Federal Policy Issues

Policy Overview

Coalition of Ohio Land Trusts (COLT) work to advance critical state and federal land conservation policy initiatives and legislation, such as property tax reform, and renewal of the Clean Ohio Fund, in partnership with other statewide groups such as Ohio League of Conservation Voters and Mainstream Green Coalition.

 

For detailed information on key federal policy and legislative initiatives and ways to advocate on important issues, visit: www.landtrustalliance.org/policy

Chagrin River in October  Photo provided by: Gates Mills Land Conservancy

Chagrin River in October 
Photo provided by: Gates Mills Land Conservancy

LEGISLATIVE AND POLICY UPDATE

March 2014

 

FEDERAL

Budget and Appropriations:  FY2015 – President Obama introduced his proposed FY2015 federal budget on March 4.  For conservation programs, the president’s budget proposes: 1) $900 million, full and dedicated funding for the Land and Water Conservation Fund; 2) stabilized funding for wildfire suppression; and, 3) stable or increased funding for North American Wetland Conservation Act (NAWCA), Tribal Wildlife Grant Program, and Cooperative Endangered Species Conservation Grant Program.

 

The proposed $275 million, a decrease of $25 million from FY2014, for the Great Lakes Restoration Initiative (GLRI) was a disappointment to Ohio’s conservation and environmental groups and to the Ohio Congressional Delegation.  Ohio Congressman David Joyce led a bipartisan sign-on letter from members to the House Appropriations Committee requesting $300 million for GLRI to the House Appropriations Committee.  

 

 

STATE OF OHIO

In an unexpected development Governor Kasich introduced a two-year capital budget bill that moved through the General Assembly in lightning speed (two weeks) and was signed into law on April 1st.  Meanwhile, the Ohio House and Senate continued to work on operating budget review bills (14).

 

FY2015-2016 Biennial Capital Budget Bill – a Victory for Clean Ohio Fund – The Governor introduced the two-year state capital budget on March 18 and it quickly moved through the House and Senate with no amendments.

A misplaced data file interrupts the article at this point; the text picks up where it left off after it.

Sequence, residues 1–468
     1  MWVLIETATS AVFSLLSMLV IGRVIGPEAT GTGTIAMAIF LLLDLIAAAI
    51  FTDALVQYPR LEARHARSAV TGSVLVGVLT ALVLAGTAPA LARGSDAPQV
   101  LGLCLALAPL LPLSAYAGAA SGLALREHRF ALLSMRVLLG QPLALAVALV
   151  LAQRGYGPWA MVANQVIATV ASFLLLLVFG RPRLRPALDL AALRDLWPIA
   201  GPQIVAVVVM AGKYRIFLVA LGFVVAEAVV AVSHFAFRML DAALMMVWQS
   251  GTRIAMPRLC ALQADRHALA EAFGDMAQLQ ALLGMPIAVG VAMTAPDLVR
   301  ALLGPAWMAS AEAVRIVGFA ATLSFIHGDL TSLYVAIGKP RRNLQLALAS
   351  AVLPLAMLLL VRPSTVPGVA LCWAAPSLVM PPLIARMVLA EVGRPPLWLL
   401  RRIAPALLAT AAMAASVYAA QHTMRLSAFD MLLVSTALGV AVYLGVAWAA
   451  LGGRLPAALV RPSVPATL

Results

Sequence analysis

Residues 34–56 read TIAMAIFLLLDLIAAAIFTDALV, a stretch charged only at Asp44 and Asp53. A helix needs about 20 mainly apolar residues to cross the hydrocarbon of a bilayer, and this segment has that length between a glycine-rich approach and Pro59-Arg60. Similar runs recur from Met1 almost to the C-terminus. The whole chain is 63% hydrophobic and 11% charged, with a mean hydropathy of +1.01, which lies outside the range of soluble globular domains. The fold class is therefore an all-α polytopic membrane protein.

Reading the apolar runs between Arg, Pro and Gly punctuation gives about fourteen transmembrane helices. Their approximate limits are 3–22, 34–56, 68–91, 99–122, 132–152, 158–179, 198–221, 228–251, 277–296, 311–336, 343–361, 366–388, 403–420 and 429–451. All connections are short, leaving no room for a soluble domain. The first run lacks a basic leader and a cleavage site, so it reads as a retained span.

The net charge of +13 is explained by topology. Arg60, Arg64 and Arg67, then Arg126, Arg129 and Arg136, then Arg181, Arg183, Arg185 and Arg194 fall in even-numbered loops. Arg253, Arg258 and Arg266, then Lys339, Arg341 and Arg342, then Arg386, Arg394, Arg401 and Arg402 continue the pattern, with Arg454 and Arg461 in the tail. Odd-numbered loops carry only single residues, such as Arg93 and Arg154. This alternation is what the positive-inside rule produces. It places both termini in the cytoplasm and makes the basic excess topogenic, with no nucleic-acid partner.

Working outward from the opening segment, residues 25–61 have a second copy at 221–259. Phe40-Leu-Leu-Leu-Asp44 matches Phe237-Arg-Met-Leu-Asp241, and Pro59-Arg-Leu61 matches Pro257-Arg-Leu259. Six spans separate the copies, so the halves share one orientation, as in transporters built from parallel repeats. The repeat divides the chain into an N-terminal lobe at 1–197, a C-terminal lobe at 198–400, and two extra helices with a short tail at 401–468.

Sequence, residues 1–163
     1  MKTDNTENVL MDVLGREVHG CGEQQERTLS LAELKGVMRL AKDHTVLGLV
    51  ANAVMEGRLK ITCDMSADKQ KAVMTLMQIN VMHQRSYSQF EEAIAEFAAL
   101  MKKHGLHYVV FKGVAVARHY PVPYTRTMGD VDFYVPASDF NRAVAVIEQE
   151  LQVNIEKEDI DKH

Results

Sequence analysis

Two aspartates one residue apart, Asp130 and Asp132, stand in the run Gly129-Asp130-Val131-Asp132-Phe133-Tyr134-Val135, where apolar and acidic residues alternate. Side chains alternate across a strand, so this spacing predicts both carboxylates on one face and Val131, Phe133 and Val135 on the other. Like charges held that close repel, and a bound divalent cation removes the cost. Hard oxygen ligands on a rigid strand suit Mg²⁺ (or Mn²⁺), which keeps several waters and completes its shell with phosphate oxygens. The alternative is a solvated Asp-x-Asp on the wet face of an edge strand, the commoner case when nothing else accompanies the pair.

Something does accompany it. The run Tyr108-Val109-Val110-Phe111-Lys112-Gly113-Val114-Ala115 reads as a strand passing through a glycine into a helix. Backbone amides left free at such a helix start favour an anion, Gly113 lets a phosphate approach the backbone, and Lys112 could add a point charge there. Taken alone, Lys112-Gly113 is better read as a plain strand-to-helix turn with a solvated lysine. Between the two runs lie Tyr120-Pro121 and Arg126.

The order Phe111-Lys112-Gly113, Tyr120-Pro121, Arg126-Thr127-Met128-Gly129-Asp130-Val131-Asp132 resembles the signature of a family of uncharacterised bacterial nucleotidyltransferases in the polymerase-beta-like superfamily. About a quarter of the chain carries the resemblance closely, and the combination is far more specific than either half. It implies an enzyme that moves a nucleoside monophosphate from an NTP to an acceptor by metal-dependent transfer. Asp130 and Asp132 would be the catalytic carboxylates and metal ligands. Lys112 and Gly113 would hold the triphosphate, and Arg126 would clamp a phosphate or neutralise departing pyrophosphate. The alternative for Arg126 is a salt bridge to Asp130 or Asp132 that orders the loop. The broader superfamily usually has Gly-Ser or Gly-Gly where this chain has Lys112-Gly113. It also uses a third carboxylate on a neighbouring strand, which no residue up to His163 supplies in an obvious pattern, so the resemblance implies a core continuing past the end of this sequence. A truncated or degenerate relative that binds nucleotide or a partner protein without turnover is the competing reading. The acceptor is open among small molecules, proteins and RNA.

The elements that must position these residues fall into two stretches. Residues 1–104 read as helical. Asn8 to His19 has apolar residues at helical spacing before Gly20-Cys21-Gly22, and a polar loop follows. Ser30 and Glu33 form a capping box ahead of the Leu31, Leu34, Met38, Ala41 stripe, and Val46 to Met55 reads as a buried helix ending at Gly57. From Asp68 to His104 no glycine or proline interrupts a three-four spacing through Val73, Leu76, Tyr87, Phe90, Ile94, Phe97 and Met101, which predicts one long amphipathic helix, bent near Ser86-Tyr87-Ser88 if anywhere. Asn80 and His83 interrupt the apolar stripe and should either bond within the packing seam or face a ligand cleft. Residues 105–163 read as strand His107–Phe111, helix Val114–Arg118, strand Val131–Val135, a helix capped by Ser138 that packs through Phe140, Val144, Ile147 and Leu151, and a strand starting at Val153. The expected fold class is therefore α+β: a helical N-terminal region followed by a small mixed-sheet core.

The bill includes $100 million in bonding for the next two years for the Clean Ohio Fund’s three conservation programs – open space, farmland preservation, and trails. Although the Clean Ohio Coalition was optimistic that funding would be include it is pleased that the funding level is at the maximum allowed by law.  It is clear that the hard work of educating members, working with editorial boards for broad statewide support, and the advocacy and lobbying undertaken by the Coalition with relationship building with members of the General Assembly during the past three years resulted in recognition of  value, contributions and support for the program by the Administration. 

 

Mid-Biennial Budget Review Bill - Governor John Kasich introduced HB 472, mid-biennial budget review bill on March 11.  The 1,600 page piece of legislation contains many complex policy changes to state government.  House Speaker Bill Batchelder announced that the bill would be reorganized as 14 separate bills to manage the legislative process more effectively and efficiently.  The bill does not appear to raise or lower significantly the level of spending approved in the 2014-2015 operating budget that the Governor signed last June.